On what do economists agree and disagree about the effects of taxes on economic growth?
Economists generally agree that people and businesses respond to taxes and that large tax changes can move the economy. But economists have not (and probably cannot) pin down exactly how the economy works and how responsive people and businesses are to policy changes. As a result, economists often disagree about what models and parameters to use to analyze tax policies. Those scientific disagreements are sometimes amplified by value judgments about appropriate policy.
Areas of agreement
Economists often agree about the general effects of tax policy. For example, they agree that people respond to incentives, taxes can change incentives, and therefore taxes can change behavior. A tax on cigarettes reduces smoking and shifts some purchases to untaxed markets. The Earned Income Tax Credit brings more low-wage single parents into the workforce. Investors are less likely to realize capital gains when tax rates are high. Businesses shift their legal structures, and sometimes the location of their activities, to lower tax burdens. When faced with a scheduled tax increase or decrease, people and businesses move income into the lower-taxed periods. And so on.
Economists also generally agree that large tax changes can move the economy. For example, tax cuts can temporarily stimulate economic activity by boosting demand. In the longer run, a tax system with low rates and a broad base is more likely to promote prosperity than one with high rates and a narrow base.
Within those broad areas of agreement, economists often disagree about the size and importance of potential effects.
The limits of economic science
In practice, economics blends scientific rigor with value judgments. The science helps us understand how the economy works. The philosophy influences how we draw inferences about what better and worse policies may be.
The science part is incomplete. There is no consensus, for example, on what assumptions to use to analyze the macroeconomic effects of tax policy. The Congressional Budget Office (CBO) and the Joint Committee on Taxation, for example, each use multiple models with different assumptions of how forward-looking people are (ranging from complete myopia to perfect foresight), how the United States connects to the global economy, and other dimensions.
Even within a single modeling framework, moreover, there is significant uncertainty about the size of potential effects. In modeling the short-run consequences of fiscal policy, for example, CBO estimates that the fiscal “multiplier” for a two-year tax cut to lower- and middle-income households is 0.3 to 1.5—a fivefold difference. Such wide ranges exist because the evidence is inadequate to pin down key parameters. And the resulting uncertainty is amplified because there are good reasons to believe that the economy has changed sufficiently to make the past an imperfect predictor of the future.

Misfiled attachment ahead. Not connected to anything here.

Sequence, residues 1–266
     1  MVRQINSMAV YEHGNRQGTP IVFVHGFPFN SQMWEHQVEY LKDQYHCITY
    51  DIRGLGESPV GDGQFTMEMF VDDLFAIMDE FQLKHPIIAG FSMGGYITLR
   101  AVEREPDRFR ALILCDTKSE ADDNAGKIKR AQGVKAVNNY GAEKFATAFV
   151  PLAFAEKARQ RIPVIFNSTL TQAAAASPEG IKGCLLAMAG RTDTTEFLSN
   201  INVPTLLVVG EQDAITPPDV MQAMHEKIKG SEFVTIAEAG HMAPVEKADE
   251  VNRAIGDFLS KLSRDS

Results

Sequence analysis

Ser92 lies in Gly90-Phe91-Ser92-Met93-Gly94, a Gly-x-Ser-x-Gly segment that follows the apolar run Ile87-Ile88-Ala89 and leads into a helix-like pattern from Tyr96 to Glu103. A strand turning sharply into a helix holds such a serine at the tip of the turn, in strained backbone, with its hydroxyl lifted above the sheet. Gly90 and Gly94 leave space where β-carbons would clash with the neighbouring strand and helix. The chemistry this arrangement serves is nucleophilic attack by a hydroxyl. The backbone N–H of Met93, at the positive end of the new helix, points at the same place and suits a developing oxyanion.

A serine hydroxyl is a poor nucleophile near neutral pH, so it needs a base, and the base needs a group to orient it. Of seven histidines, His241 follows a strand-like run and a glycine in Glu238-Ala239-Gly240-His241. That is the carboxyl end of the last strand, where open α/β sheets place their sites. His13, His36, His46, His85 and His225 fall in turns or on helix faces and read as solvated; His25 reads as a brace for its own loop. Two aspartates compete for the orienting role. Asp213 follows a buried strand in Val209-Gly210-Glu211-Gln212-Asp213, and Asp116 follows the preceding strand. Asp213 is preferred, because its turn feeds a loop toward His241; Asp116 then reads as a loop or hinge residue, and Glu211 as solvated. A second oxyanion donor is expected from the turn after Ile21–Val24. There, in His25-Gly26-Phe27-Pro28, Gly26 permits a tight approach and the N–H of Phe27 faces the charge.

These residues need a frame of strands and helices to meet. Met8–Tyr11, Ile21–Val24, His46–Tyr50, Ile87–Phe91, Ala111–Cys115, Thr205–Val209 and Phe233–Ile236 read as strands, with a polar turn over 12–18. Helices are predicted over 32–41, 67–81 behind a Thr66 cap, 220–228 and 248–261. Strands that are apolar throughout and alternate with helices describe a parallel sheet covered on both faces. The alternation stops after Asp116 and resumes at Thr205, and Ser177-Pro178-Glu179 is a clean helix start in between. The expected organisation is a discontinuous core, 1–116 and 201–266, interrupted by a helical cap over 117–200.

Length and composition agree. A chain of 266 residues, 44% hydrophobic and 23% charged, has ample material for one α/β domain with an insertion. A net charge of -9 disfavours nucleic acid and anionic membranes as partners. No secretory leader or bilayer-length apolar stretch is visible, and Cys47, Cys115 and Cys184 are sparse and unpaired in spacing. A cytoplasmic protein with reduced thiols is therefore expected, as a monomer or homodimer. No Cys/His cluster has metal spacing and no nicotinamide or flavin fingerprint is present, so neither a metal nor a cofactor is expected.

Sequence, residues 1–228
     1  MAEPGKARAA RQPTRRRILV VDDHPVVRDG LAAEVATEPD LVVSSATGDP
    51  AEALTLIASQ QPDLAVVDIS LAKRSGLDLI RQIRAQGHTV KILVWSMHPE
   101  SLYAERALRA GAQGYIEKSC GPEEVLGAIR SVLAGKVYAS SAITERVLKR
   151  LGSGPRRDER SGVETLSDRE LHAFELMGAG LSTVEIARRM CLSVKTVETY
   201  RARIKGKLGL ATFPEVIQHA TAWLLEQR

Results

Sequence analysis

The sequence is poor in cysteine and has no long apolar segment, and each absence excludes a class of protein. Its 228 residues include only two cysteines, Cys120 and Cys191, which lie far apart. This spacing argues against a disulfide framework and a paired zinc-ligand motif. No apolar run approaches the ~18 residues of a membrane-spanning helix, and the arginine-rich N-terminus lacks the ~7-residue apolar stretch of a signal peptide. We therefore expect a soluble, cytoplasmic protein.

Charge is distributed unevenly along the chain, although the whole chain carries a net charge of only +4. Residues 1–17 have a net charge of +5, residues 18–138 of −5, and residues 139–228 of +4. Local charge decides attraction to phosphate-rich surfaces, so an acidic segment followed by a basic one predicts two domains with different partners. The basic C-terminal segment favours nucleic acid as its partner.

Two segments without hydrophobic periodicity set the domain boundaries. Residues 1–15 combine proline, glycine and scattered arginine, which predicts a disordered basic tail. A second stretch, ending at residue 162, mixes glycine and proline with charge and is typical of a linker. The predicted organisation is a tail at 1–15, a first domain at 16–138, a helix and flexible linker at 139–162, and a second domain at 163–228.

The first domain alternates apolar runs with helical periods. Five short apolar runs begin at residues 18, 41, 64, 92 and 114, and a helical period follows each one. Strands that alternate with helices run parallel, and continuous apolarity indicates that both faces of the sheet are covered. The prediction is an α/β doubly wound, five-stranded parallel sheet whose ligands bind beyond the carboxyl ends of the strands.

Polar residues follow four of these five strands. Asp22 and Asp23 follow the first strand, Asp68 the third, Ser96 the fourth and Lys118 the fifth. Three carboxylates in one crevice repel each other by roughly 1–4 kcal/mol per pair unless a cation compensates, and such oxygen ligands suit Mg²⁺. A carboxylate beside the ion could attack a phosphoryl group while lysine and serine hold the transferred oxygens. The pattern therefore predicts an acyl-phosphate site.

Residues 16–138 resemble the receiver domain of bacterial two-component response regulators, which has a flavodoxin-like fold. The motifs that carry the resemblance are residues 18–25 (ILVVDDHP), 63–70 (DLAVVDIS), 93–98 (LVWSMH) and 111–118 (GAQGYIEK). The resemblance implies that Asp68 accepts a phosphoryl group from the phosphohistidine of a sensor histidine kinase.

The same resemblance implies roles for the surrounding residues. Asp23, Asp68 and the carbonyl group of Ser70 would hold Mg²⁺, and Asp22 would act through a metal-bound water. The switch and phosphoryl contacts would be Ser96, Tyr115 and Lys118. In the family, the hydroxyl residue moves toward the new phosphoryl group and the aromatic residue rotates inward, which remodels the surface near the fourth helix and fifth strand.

For those reasons, there is substantial scope for scientific disagreement about the economic effects of tax policy. But that is not the only reason economists disagree. Value judgments can also color views about tax policy.
In an IGM Forum survey of leading economists, 90 percent either agreed or strongly agreed that one “reason why economists often give disparate advice on tax policy is because they hold differing views about choices between raising average prosperity and redistributing income.”
In principle, economists should be able to distinguish such value differences from objective analysis. In practice, however, the two blur. Opponents of redistributional policies often argue, for example, that the policies will have large negative side effects, while advocates often argue that those effects are small. Some of that difference is sincere. If you believe the negative side effects of a policy are large, it makes more sense to oppose it, and vice versa. However, the causality can also run the other way, with analysts emphasizing the estimates most consistent with their values.
Congressional Budget Office. 2014. “How CBO Analyzes the Effects of Changes in Federal Fiscal Policies on the Economy.” Washington, DC: Congressional Budget Office.
IGM Forum. 2012. “Taxing Capital and Labor.” IGM Forum (blog), October 9.
Joint Committee on Taxation. 2015. “Macroeconomic Analysis at the Joint Committee on Taxation and the Mechanics of Its Implementation.” Report JCX-3-15. Washington, DC: Joint Committee on Taxation.
Whalen, Charles, and Felix Reichling. 2015. “The Fiscal Multiplier and Economic Policy Analysis in the United States.” Working Paper 2105-2. Washington, DC: Congressional Budget Office.